Other versions 
- Adam Strange has a descendant, also named Adam Strange, in the future of the Space Ranger, as seen in Mystery in Space #94 (September 1964).
- The Silver Age Adam Strange is one of the "ghosts" in the empty "Planet Krypton" restaurant in The Kingdom: Planet Krypton #1.
- Adam Strange made a brief appearance in Elseworlds' JLA: Another Nail when all time periods meld together. In the original series JLA: The Nail, he is found dead in Earth orbit by Hal Jordan after the Zeta Beam taking him to Rann was blocked by a force field surrounding Earth.
- In Darwyn Cooke's DC: The New Frontier, Adam Strange is confined in Arkham Asylum because of his belief he has traveled to another world. It is also revealed this was done so the government can keep an eye on him. When the Centre appears off the coast of Florida, Dr. Leslie Thompkins returns his jet pack and energy weapon to him. It is Adam's idea to use Ray Palmer's shrinking device to destroy the threat, having read an article about his work while confined.
- The 2009 weekly comics broadsheet Wednesday Comics featured an interpretation of Adam Strange by artist and writer Paul Pope that drew much more directly from the John Carter stories which inspired the character, casting the planet Rann as a much more fantasy-like world, and Alanna as a scantily clad warrior princess.
In other media 
- In the TV series Buck Rogers in the 25th Century, during the episode "The Plot To Kill a City: Episode 2" (written by Alan Brennert, who had also written comics for DC) an announcement over a spaceport's loudspeaker system asks for "Doctor Adam Strange from Alpha Centauri" to "please report to the reservations desk."
- Adam Strange appears in the Batman: The Brave and the Bold episode "Mystery in Space" voiced by Michael T. Weiss. Batman is called over to Adam's home planet and he brings Aquaman as well. All three alongside Adam Strange's wife Alanna go in to stop the Gordanians led by General Kreegaar from obtaining the Eye of Zared from the bottom of Rann's oceans. Before he can get his wife away from the Gordanians, the effects of the Zeta Ray wears off sending him to Earth. He had to trace another one to get back to Rann only to find out that Rann is now in danger. After the enemy successfully gets the Eye of Zared and starts attacking, Adam Strange starts to have his doubts. His confidence is rekindled by Aquaman, and he goes in to save Alanna, and buy Aquaman and Batman some time to create a solar eclipse to stop the Eye of Zared forcing General Kreegaar's army to surrender. In the series' third season, Adam appears in one of four vignettes in "Four Star Spectacular!", titled "World's War." He is preparing to return to Rann with an anniversary present for his wife when he witnesses dozens of Zeta Beams strike Gotham City. Adam allows himself to be teleported and discovers that Kanjar Ro plans to intercept a Zeta Beam, teleport a negaton bomb to Rann, wipe out the population, and use the planet as a base of operations. The hero manages to teleport Kanjar Ro and his bomb to a swamp world, and the space pirate disarms the bomb just in time, only to run afoul of an alien monster.
- Adam Strange appears in Young Justice: Invasion episode "Happy New Year" voiced by Michael Trucco. Besides his history of ending up on Rann, he tells the team that Rann has a bounty on all Justice Leaguers after some of them were controlled by Vandal Savage to attack Rimbor. He and Alanna are also in "Earthlings" where they help Superboy, Miss Martian, and Beast Boy in their efforts to find the rogue Kroloteans and their Zeta Ray technology by distracting Rannian authorities and fighting the armored Kroloteans. In "Salvage", Adam activates a Zeta Shield to cover Earth and protect it from future alien invasions.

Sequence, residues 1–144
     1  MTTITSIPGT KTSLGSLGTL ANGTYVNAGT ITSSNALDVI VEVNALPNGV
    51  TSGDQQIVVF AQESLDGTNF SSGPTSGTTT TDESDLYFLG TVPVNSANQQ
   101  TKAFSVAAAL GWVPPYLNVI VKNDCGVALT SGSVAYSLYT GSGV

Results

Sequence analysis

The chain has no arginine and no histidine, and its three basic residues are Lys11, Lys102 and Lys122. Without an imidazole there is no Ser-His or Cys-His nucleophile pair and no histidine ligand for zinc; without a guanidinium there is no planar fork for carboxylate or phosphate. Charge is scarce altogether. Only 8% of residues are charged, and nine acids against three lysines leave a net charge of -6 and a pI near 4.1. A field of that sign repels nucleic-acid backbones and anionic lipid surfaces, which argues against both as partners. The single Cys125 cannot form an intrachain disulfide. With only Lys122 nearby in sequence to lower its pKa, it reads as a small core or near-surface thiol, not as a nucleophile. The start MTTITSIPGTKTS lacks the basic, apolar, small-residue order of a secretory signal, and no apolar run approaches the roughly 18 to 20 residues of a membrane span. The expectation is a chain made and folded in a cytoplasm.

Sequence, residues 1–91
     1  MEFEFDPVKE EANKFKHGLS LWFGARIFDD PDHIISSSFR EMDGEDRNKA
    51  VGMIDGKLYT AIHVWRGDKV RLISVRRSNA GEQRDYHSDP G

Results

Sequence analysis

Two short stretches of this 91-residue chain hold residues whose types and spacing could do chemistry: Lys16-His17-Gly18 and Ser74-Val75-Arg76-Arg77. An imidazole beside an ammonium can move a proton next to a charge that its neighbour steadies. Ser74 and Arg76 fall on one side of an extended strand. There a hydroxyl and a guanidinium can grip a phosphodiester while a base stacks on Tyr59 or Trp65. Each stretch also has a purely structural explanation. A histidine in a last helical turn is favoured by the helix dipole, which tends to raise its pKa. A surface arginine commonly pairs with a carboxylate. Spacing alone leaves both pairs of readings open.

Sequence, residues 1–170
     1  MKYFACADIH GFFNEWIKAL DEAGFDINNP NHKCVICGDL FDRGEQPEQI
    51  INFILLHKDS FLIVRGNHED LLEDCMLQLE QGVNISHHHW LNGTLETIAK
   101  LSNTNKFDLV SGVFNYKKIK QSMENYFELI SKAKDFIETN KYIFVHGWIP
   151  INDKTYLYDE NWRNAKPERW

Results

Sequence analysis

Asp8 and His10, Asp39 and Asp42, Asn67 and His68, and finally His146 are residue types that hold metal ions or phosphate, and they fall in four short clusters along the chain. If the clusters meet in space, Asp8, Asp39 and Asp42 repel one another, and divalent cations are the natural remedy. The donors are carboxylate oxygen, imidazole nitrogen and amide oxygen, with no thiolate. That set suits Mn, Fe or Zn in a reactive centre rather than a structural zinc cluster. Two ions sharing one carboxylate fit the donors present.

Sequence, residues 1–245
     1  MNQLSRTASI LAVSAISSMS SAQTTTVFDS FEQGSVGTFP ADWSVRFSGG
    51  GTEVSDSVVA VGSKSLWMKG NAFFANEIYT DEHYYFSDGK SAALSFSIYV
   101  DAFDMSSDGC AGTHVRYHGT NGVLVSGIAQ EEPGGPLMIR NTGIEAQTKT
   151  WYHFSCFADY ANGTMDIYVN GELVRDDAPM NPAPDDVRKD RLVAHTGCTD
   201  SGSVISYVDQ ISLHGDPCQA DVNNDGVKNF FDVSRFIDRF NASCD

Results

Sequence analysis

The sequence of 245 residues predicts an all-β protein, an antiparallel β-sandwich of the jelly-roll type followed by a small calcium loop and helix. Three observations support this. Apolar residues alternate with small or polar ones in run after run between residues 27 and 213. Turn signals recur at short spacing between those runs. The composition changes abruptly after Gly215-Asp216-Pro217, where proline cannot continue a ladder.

- Adam Strange appears briefly in Justice League: The New Frontier. He is glimpsed in one of John Jones' news clippings early on in the film. During the climax, he is one of the heroes who answers the call to fight the Centre, but has no speaking role.
- A film is currently in development hell, but the film is being produced by Leonardo DiCaprio and is expected to be released either 2013 or 2014. 
Video game 
- Adam Strange appears in the DC Universe Online video game.
Awards and reception 
The character and series of the same name have received several awards over the years, including the 1967 and 1968 Alley Awards for Strip Most Desired for Revival. IGN ranked Adam Strange as the 97th greatest comic book hero of all time stating that "If by fluke we were given the chance to ride a Zeta Beam[sic] into space, meet a sexy alien princess[sic] on the planet Rann, and fight extraterrestrial threats with high-tech weaponry, I[sic] wouldn’t want to go back to mundane Earth-life either. That makes us completely sympathetic to Adam Strange’s plight."
Heroic Publishing's Eternity Smith (vol. 2) #3 includes a backup story called "The Threat of the Sensuous Siren", in which the character Skylark Smith sees a copy of Mystery in Space #77 and daydreams about Eternity Smith and herself having an adventure in the roles of Adam Strange and Alanna. Most of the story's script and pencils imitate the style of Fox and Infantino, and the plot is loosely based on "Siren of the Space Ark", an Adam Strange adveture which appeared in Mystery in Space #89.
- Amash, Jim (2003). "Foreward" in The Adam Strange Archives: Volume 1. Pages 5-8.
- Irvine, Alex; Dolan, Hannah, ed. (2010). "1950s". DC Comics Year By Year A Visual Chronicle. Dorling Kindersley. p. 91. ISBN 978-0-7566-6742-9. "Adam Strange debuted in a three-issue trial starting with Showcase #17, which was written by Gardner Fox and featured art by Mike Sekowsky."
- Showcase #17.
- 52 Week Seven
- Pope, Paul and Jose Villarrubia "Strange Adventures"
- "'Young Justice' heads into sci-fi direction in new season –". Usatoday.com. 2012-04-27. Retrieved 2012-05-07.
- "Leonardo DiCaprio to Produce Aquaman and Adam Strange Movies". TheHDRoom. 2009-07-20. Retrieved 2012-05-07.
- "Adam Strange as number 97". IGN. Retrieved May 5, 2011.